Today we had a stall outside Breightmet UCAN centre as part of their open day, I had a large table with lots of potted herbs and perennial edibles, lots of back issues of veg growing magazines and thousands of seeds of overwintering vegetables. Since we began the ‘Get Growing Greenroyd’ earlier this year and the Red Lane community allotment project, more new growers have suddenly appeared on the Breightmet landscape, word of mouth travels fast round these parts, which has enabled us to sign up seventeen potential new growers for our work in the spring of 2015.
People are beginning to ‘get it’ with food growing
Whilst giving out plants, seeds and gardening magazines I had some interesting conversations with people who had spoken to relatives who gardened, at least three people said they wanted to grow their own food based on trying the produce that relatives had grown and spoke of the amazing fresh taste of the produce, one person summed up the situation perfectly when he said ‘I dont know why more people dont grow their own food, a packet of five hundred cabbage seeds costs a pound, so that’s five hundred cabbages for a pound’ Some of the other new growers had heard about our Greenroyd and Red Lane projects and were keen to take up the potting trowel based on what they had heard from growers at both site.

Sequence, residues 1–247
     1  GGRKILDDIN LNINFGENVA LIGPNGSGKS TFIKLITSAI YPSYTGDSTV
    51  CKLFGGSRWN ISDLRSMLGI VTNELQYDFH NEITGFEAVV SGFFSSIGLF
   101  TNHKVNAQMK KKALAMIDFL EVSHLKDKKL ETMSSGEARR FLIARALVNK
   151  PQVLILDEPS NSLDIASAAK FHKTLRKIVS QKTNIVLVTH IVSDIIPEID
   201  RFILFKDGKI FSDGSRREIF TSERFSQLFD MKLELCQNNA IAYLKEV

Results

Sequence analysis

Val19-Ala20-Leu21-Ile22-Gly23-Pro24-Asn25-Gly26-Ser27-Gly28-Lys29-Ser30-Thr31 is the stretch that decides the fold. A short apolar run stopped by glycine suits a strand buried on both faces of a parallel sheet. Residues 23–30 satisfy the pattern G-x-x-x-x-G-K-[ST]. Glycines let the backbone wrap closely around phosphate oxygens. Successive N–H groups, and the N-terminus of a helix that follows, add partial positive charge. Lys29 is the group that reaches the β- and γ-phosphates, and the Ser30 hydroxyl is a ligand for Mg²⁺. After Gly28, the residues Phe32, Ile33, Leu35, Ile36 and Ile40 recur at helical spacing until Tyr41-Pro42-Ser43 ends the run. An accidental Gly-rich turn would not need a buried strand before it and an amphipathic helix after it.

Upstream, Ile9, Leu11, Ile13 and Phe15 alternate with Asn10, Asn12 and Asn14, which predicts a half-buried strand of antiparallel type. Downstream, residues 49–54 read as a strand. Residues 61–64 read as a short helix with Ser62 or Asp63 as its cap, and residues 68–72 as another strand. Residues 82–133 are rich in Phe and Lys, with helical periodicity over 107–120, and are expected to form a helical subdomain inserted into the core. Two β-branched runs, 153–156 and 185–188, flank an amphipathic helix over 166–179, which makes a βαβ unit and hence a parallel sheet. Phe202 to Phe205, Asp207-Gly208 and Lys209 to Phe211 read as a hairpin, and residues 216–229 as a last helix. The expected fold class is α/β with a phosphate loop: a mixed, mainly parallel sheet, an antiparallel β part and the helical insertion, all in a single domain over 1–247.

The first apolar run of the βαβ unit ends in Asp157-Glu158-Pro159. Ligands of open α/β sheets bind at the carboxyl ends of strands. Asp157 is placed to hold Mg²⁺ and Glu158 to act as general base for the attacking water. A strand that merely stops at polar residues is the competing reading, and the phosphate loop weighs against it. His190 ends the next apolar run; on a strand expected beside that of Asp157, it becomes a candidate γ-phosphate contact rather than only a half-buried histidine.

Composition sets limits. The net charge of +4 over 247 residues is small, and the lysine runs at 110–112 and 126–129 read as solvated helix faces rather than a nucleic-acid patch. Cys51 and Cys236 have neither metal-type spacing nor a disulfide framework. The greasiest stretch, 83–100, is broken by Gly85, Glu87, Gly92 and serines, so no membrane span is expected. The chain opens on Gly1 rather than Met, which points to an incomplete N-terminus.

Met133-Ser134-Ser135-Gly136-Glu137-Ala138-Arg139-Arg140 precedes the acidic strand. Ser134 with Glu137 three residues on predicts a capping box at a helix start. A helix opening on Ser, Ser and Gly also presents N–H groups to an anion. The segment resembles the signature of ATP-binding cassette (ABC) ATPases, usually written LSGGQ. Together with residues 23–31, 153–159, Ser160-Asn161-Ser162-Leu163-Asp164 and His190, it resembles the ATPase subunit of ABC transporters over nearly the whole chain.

Kick food poverty into touch
One of the great things about Breightmet that Bolton at Home manager Tony Cottam pointed out to me when I initially began working here earlier in the year was how ‘garden Rich’ the area was, almost all of the social housing stock on the estate have front and back gardens, and with food prices ever increasing and wages ever decreasing this is a great opportunity for people to move in a direction, to grow their own, share it with their neighbours and family and have a great deal of fun and wind down time in the process, Breighmet residents could grow a sizable chunk of their yearly fruit and vegetable intake in their spacious gardens.